If the crowing and bleating is this bad when one person goes to their death, just imagine how bad it will be when the 'Bali 9' go before the firing squad...
I am all excited with anticipation... NOT
UPDATE: 7:40 am, well it appears to have happened and going by the media coverage Van Nguyen is now a martyr. He can someone who could have been responsible for helping to ruin the lives of hundreds of people be a martyr?
The jokes have started too...
If you think the funnelwebs are deadly in Sydney, you should see the trapdoors in Singapore...
An SMS reportedly sent by Van:
"hi mum it's van... won't make it home for xmas, just hanging out in Singapore"
UPDATE: 8:00 am
I found this letter in the Straits Times. Yes, I know they are essentially a government mouthpiece but the points made are quite valid.
Nguyen pushed drugs despite twin's addiction
AS AN American who has accepted my country's use of the death penalty to punish murderers, I hope to offer a relatively objective view of the controversy over Singapore's execution of Australian heroin trafficker Nguyen Tuong Van.
I find the mandatory death sentence for the non-violent crime of drug trafficking to be incredibly harsh. I therefore would expect Australia to plead for clemency, and I support its efforts in doing so. Yet, I do not think that disputing the death penalty should devolve into attacks on Singapore.
Some Australian clemency sentiments have morphed into unfair and witless attacks on Singapore: Official calls for trade bans; threats of long-term resentment; a union's talk of refusing to service Singapore Airlines planes at Australian airports; and even the insulting characterisation of Singapore as a 'rogue Chinese port city'.
These attacks on Singapore lack the perspective of Nguyen's culpability and forget that Singapore did not instigate the present controversy - rather, Singapore is reacting to a crime with good-faith application of its long-established laws.
Have some Australians forgotten that Nguyen carried out an activity whose only possible outcome would be to harm the people of Australia? The country is his adopted homeland, it is the place that welcomed and supported his family fleeing Vietnam.
What makes his crime even more egregious is that he knew, first-hand, the harm that heroin can inflict on a family because his twin brother Khoa was an addict - yet he sought out the trafficking job, knowing full well that he would facilitate the pain of drugs he experienced upon other families.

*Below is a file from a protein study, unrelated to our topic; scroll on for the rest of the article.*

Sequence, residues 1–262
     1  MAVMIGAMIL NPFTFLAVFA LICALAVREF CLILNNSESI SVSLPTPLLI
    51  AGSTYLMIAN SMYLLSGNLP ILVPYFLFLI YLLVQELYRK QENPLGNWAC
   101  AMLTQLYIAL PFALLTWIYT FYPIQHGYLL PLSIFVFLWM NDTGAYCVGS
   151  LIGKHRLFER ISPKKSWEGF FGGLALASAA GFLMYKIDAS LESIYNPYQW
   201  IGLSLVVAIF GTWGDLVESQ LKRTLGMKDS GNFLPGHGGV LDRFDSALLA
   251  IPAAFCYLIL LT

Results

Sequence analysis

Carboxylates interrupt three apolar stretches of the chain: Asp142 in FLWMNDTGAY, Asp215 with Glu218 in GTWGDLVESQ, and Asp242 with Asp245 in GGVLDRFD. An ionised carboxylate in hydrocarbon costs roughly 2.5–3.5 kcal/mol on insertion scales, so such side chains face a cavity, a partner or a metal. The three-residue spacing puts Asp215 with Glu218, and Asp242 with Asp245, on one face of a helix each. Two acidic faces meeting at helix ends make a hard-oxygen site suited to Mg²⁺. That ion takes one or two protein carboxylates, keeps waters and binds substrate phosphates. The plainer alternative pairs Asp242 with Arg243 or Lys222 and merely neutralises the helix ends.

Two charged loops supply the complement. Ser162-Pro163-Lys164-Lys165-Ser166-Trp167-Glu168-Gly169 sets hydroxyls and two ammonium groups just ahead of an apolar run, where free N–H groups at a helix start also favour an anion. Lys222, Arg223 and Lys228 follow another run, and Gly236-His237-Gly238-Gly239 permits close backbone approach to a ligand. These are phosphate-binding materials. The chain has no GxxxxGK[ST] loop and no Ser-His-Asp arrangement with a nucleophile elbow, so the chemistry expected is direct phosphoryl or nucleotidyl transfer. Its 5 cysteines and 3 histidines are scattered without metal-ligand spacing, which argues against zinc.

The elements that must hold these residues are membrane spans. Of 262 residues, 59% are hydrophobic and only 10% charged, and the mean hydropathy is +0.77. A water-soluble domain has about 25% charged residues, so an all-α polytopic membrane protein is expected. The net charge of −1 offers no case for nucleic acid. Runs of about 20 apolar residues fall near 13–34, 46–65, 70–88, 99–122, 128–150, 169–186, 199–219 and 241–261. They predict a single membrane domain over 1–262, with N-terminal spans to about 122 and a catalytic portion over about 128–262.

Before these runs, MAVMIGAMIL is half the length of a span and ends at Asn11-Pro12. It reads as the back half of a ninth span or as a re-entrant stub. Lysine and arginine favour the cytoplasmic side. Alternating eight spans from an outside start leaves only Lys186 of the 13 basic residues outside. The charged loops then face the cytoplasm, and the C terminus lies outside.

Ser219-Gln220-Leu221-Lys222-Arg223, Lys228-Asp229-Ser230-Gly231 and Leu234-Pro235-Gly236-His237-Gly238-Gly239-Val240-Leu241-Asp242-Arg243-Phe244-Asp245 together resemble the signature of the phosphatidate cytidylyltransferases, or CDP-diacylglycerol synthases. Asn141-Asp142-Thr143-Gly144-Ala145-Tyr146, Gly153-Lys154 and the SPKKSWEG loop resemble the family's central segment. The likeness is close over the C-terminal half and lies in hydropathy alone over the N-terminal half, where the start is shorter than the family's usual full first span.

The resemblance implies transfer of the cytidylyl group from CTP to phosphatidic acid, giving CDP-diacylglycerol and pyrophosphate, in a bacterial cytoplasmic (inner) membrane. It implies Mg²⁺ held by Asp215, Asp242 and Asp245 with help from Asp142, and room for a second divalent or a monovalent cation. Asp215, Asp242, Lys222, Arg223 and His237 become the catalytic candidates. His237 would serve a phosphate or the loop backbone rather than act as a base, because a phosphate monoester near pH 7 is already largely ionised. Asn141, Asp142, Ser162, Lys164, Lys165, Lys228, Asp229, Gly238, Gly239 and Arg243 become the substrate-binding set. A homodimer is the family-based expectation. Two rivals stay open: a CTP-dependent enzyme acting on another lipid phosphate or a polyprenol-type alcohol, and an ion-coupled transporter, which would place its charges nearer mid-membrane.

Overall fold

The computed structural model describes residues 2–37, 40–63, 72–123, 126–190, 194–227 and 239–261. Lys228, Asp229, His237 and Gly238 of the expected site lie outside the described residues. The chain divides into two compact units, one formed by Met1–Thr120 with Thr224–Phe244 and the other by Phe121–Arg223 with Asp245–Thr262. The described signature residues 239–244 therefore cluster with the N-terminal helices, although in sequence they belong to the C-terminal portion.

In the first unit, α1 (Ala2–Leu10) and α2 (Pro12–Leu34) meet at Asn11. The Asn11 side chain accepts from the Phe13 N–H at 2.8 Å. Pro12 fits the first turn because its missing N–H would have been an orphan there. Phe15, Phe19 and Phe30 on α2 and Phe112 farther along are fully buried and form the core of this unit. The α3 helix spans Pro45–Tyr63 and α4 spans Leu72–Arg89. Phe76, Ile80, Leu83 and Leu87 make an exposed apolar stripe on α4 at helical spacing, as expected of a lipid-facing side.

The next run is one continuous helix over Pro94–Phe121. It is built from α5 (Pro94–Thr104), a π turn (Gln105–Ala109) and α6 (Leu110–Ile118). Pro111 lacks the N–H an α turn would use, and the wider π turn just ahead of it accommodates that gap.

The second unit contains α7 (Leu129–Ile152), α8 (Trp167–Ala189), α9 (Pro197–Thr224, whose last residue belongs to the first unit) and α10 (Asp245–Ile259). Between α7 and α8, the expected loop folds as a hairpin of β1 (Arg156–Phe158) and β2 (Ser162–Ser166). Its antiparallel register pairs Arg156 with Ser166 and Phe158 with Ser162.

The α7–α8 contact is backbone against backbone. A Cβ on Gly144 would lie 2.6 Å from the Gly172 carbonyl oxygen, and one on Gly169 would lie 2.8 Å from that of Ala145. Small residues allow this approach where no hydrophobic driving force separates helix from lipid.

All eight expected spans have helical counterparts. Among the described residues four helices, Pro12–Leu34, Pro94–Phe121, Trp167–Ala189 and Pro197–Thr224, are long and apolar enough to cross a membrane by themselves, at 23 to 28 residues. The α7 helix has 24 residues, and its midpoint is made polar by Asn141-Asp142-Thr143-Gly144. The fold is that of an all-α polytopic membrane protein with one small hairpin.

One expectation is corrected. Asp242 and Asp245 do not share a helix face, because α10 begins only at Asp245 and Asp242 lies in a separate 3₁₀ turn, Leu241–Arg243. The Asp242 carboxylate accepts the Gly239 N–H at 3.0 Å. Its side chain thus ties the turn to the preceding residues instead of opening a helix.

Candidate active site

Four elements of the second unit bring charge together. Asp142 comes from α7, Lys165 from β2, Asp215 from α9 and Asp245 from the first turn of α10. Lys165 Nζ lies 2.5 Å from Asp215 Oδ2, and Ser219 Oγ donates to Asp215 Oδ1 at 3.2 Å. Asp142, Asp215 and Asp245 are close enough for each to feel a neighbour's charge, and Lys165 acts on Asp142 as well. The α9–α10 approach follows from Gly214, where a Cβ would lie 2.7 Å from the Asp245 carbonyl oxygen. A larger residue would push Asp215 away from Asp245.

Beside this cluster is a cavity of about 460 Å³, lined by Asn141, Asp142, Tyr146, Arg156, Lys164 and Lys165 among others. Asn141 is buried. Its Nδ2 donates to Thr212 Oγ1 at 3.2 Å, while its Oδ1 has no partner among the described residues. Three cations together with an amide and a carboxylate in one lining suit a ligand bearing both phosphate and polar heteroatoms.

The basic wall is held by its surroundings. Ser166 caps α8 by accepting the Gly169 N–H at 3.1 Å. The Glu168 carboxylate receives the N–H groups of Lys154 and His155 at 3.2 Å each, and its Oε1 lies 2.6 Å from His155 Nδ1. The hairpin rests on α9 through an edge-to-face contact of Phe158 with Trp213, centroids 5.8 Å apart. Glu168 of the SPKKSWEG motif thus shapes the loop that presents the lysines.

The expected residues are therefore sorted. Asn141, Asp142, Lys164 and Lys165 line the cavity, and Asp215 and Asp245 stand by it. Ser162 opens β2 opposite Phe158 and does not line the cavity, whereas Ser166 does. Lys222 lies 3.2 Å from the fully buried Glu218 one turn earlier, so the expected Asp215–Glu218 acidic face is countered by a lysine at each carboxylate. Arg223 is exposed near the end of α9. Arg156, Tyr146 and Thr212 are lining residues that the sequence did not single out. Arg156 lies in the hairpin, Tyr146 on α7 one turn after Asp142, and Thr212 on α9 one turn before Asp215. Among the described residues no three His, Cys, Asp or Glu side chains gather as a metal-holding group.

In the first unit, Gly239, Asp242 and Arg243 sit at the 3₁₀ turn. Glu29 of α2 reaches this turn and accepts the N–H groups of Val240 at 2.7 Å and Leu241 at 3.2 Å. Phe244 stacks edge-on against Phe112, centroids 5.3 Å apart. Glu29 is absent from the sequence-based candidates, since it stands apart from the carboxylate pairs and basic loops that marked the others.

Compare Nguyen's intended harm to Australia with Singapore's law enforcement: Looking at it with emotional detachment, Singapore's mandatory death penalty for drug trafficking, if anything, helps Australia.
By deterring traffickers from going through Singapore, a major transit point between heroin-growing regions and Australia, drug suppliers would have a much more difficult time distributing their poisons.
Singapore did not start the controversy, Nguyen did. Singapore has had its death penalty on the books for the past few decades. The country is enforcing the death penalty on Nguyen just as it had for hundreds of other criminals. This is nothing new.
Yet only now are some Australians attacking Singapore at a fever pitch-when the law is being enforced against an Australian.
Warren K. Woo
UPDATE: 2:40 pm
Queensland Parliament's silent tribute
Queensland parliament observed a minute's silence for hanged convicted drug smuggler Nguyen Tuong Van despite comments that it was an `insult' to diggers.
Premier Peter Beattie moved a motion to mark the death of the 25-year-old Melbourne man, who went to the gallows in Singapore's Changi Prison early today, as a `gesture of sympathy' for his family.
Geez, if you are gonna hold a minute's silence for Van Nguyen, why didn't you hold a minute silence for when David Birnie died in gaol? Mr Birnie and his wife only killed 4 women, the 400g of heroin could have ended or at least ruined hundreds of times more lives than that.
How about if Saddam Hussein gets the death penalty, will people plead for clemency or hold a minute silence for his death?